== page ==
the failure of these floodwalls; we don't know after two or three years
how the main joint will perform; this is the first line of defense."
- For its part, the Corps of Engineers defended the work
and denied any of it was shoddy, but a Corps emailer disagreed. He told
WWL that "sponge rubber" is required next to waterstops - the
same areas where newspaper was used instead. Ecron Corporation did the
work. Contractually it was obliged to do it right. The company president
didn't respond to WWL's "repeated requests for a comment," and
the station discovered that his company "is not even licensed by
the state's board for contractors." Apparently not a problem with
the Corps of Engineers. Or with the Bush administration and its corporate
allies who crave another chance to make New Orleans even whiter and free
up more choice real estate for high-profit development.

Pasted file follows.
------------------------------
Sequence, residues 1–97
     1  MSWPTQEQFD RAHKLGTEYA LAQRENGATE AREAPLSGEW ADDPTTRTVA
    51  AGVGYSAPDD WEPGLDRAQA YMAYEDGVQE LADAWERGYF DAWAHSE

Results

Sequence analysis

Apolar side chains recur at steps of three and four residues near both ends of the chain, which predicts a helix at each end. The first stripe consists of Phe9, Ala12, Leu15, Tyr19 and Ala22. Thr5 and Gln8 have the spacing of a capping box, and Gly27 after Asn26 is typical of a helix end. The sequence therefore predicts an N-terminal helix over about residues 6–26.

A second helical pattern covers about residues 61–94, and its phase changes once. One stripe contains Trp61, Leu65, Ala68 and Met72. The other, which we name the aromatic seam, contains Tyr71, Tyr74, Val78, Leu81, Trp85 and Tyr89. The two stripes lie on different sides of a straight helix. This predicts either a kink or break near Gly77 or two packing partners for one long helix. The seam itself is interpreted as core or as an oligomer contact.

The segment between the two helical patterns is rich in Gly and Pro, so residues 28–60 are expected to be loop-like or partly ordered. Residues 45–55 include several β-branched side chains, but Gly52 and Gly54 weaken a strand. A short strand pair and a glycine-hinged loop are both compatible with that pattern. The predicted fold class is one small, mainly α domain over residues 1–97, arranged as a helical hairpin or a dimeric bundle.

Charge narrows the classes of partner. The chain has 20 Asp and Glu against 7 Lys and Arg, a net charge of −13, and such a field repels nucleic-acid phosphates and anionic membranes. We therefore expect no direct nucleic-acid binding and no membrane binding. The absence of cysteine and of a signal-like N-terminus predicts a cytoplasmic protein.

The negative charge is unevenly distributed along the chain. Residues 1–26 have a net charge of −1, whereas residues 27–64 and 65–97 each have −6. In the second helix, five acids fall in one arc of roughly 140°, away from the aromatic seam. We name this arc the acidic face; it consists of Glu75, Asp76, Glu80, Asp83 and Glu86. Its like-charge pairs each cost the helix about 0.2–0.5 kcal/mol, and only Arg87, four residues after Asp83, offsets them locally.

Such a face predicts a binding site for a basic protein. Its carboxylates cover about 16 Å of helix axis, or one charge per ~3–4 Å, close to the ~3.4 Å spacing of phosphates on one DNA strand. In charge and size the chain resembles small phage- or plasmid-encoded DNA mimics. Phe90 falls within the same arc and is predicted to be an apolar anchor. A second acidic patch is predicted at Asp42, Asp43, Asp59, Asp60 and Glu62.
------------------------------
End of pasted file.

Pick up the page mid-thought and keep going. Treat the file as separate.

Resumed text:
- A total city makeover with billions in federal and local
funding to assist. Welcome to America's future. Upscale tourist destinations.
Luxury accommodations for the privileged. Gated communities for the wealthy.
Every amenity imaginable. For most others and the nation's poor - exploitation
by neglect and abandonment. Growing numbers on society's fringes ignored
and forgotten. A two-party duopoly assuring it. Militarizing the country
for enforcement. Planning an unfriendly future by making America into
a police state. Replicating the model everywhere. New Orleans and Iraq
are incubators. Not the kind of country for young people to inherit.
High time that enough of us realize it's our job to prevent it.
- Stephen Lendman is a Research Associate of the Center
for Research on Globalization. He lives in Chicago and can be reached
- Also visit his blog site at sjlendman.blogspot.com and
listen to The Global Research News Hour on RepublicBroadcasting.org Mondays
from 11AM - 1PM US Central time for cutting-edge discussions with distinguished
guests. All programs are archived for easy listening.